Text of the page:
If you're on Instagram, you'll recognize Kara's work as a bookstagrammer, she puts a lot of effort into making her photos look enticing. If you're a dog lover, Duke's antics and Ryan's comprehensive list of  rules for caring for Duke will make you smile. (When did dogs become more involved to care for than children?)

Talk Bookish to Me reminded me of Stephanie Evanovich's novels- sassy and sexy. I loved so much about this book, it's a terrific read for the beach or back deck. I highly recommend it.

Thanks to Harlequin Books for putting me on their Summer 2021 Beach Reads Blog Tour.

Friday, May 28, 2021

Friday 5ive- May 28, 2021

Welcome to the Friday 5ive, a weekly blog post about five things that caught my attention during the week. The Friday 5ive took a few weeks off because we finally made a trip to our home in Florida after 15 months.

1) Every time I see the calming blue waters of the Gulf of Mexico, I feel so peaceful. It was great to walk along the beach every morning, feel the warm water and sand between my toes. 

2) We had lunch with friends at Columbia restaurant, where our server was an amusing gentleman named Norbert, who put on quite a show as he prepared our sangria and Columbia 1905 salads tableside. 

3) I made a new recipe this week- Joy Bauer's made a healthier Egg Roll Bowl on the Today Show. It was delicious, made with ground turkey, cabbage, chopped mushrooms, and soy sauce, rice vinegar and a homemade duck sauce. We loved it and it moves into regular dinner rotation. 

4) I finished another virtual bike race- 750 miles from Boston to Bar Harbor. The t-shirt for this one is so soft, I think it will be a favorite for awhile. 

5)  I finished nine books in the two weeks we were away and there were a few standouts.
Chris Whitaker's novel We Begin At The End had me gasping out loud at a few points. Walk is the chief of police of a small tourist town. When he was a teenager, he testified against his best friend Vince in the hit and run case where a young girl was killed. Thirty years later, Vince is released from prison. Star, the sister of the young girl killed, was Vince's girlfriend. She now has a teenage daughter, Duchess Day Radley, who fancies herself an outlaw, and cares for her younger brother Robin, and Star, who is an alcoholic and can't hold a steady job. All these lives collide in ways that bring more misery to everyone. It's a remarkable story about the family you're born with and the one you create. It's a powerfully emotional novel.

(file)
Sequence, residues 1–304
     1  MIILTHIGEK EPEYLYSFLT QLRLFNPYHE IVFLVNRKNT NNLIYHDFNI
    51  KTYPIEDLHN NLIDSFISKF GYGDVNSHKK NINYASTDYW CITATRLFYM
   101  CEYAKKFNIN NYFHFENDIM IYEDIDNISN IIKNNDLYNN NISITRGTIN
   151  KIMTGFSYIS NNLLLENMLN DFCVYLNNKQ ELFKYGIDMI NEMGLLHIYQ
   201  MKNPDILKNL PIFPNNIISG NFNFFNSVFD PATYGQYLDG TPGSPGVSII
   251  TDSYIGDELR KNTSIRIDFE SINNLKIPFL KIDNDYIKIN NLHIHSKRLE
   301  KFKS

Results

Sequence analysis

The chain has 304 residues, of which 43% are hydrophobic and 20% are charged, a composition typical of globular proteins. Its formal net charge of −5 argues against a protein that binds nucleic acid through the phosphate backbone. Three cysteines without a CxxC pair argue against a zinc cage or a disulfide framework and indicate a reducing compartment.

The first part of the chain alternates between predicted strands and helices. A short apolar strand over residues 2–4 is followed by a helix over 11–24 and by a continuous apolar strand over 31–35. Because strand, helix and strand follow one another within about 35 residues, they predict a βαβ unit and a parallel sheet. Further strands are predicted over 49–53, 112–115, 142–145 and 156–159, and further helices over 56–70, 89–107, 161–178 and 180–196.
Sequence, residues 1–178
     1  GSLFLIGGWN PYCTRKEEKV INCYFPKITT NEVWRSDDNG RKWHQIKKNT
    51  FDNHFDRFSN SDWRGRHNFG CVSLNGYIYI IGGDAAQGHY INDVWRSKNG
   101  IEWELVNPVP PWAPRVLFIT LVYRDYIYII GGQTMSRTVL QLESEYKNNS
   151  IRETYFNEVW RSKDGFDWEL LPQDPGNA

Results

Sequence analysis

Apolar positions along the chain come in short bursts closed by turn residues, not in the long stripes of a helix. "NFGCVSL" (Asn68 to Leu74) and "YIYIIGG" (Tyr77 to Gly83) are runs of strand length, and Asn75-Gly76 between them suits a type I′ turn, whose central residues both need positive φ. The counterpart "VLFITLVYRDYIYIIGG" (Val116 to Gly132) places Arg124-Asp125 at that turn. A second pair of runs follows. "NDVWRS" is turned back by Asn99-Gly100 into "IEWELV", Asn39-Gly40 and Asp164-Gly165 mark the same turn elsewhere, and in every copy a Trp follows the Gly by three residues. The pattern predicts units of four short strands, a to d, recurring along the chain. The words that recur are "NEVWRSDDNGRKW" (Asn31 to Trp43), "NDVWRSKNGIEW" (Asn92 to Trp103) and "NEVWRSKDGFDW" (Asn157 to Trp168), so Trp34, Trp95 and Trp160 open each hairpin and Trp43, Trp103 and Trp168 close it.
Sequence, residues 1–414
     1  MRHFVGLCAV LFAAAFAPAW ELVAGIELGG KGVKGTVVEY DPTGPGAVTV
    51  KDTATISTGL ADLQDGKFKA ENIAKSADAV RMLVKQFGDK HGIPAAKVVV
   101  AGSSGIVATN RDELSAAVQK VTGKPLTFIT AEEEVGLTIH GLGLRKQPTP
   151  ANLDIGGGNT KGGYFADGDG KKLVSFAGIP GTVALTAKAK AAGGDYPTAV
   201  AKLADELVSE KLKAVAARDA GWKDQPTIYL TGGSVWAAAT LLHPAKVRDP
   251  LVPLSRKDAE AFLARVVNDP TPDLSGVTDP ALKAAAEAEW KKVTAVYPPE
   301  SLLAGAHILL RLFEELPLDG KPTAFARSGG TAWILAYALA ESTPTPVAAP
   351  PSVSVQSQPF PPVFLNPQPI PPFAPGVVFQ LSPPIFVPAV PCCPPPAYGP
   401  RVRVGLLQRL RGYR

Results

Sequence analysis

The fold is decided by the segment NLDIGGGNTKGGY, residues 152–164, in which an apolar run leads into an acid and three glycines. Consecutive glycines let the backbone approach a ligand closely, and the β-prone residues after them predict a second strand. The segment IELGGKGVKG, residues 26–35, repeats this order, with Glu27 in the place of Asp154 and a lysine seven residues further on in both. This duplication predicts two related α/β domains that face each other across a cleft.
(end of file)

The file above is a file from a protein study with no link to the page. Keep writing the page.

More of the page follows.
Beatriz Williams' spy novel, Our Woman in Moscow, takes place at the beginning of the Cold War. Iris Digby's husband is accused of being a Russian spy, and her family defects to Moscow. When she sends her estranged twin sister Ruth a postcard asking her to come to Moscow to help her when she gives birth to her fourth child, FBI agent Sumner Fox convinces Ruth to help him extract Iris from Russia. It's a real page turner, with twists and turns you don't expect.  

I hope you all have an enjoyable and safe Memorial Day weekend.

Thursday, May 27, 2021

The Rooftop Party by Ellen Meister

The Rooftop Party by Ellen Meister
Published by MIRA ISBN 9780778309512
Trade paperback, $15.99, 336 pages

If you are someone who enjoys watching the home shopping networks, Ellen Meister's novel The Rooftop Party is a must-read for you. It's the second novel featuring Dana Barry, a successful host on the Shopping Channel, who once again finds herself in the midst of a death at the network.

At a party for the Shopping Network staff,  Dana tries to convince Ivan, the new CEO, that her idea of selling a new skin care line is a great idea. Ivan wants to eliminate all the fashion product lines, the bread-and-butter of the Shopping Channel, and sell only electronics. This idea panics the staff as they assume most of their jobs will be eliminated.

As Ivan is hitting on Dana, and grabbing her, the lights suddenly go out and Ivan's body is found on the sidewalk below. Dana doesn't know what happened as someone put something in her drink, and all she remembers is someone pulling her away before she passes out.

Dana's boyfriend, police detective Ari, is called to the scene to investigate. Dana is desperate to find out what happened; what if she was the one who pushed Ivan over the edge? She must find out what Ari knows.

She turns to her assistant Ashlee, a former beauty contestant from Tennesee, to help her uncover what happened at the roof party. Ashlee is my favorite character in the book, she is such a hoot. She always has a hilarious way of saying things- such as "she squeezes a quarter so tight the eagle screams". Ashlee is one smart cookie, and always up for a scheme. She's Ethel to Dana's Lucy.

Another thing I enjoyed was Dana finding a great deal on an apartment on the West Side of Manhattan. When she saw how fabulous it was and what a steal it was, she snatched it up without consulting Ari, even though he would be moving in with her. That infuriated Ari, but as someone who lives in Manhattan, I know Dana made the right decision. You do not wait if you find a good apartment, that is rule number one.

The Rooftop Party is a rom-com mixed with a mystery that adds up to a highly entertaining read. I truly enjoyed the behind-the-scenes look at a shopping channel, even though I don't usually watch them on TV. The characters are interesting, the plot moved along, and even though I felt the ultimate reveal of the murderer was a bit of a letdown, it is still a terrific book. I didn't read the first book in the series, Love Sold Separately, but I am going to buy it because I like these characters so much. (You will not be lost if you didn't read the first one.) I hope there is a third book coming; who knew working at the Shopping Channel was so dangerous?

Thanks to Harlequin for putting me on their Summer 2021 Women's Fiction Tour.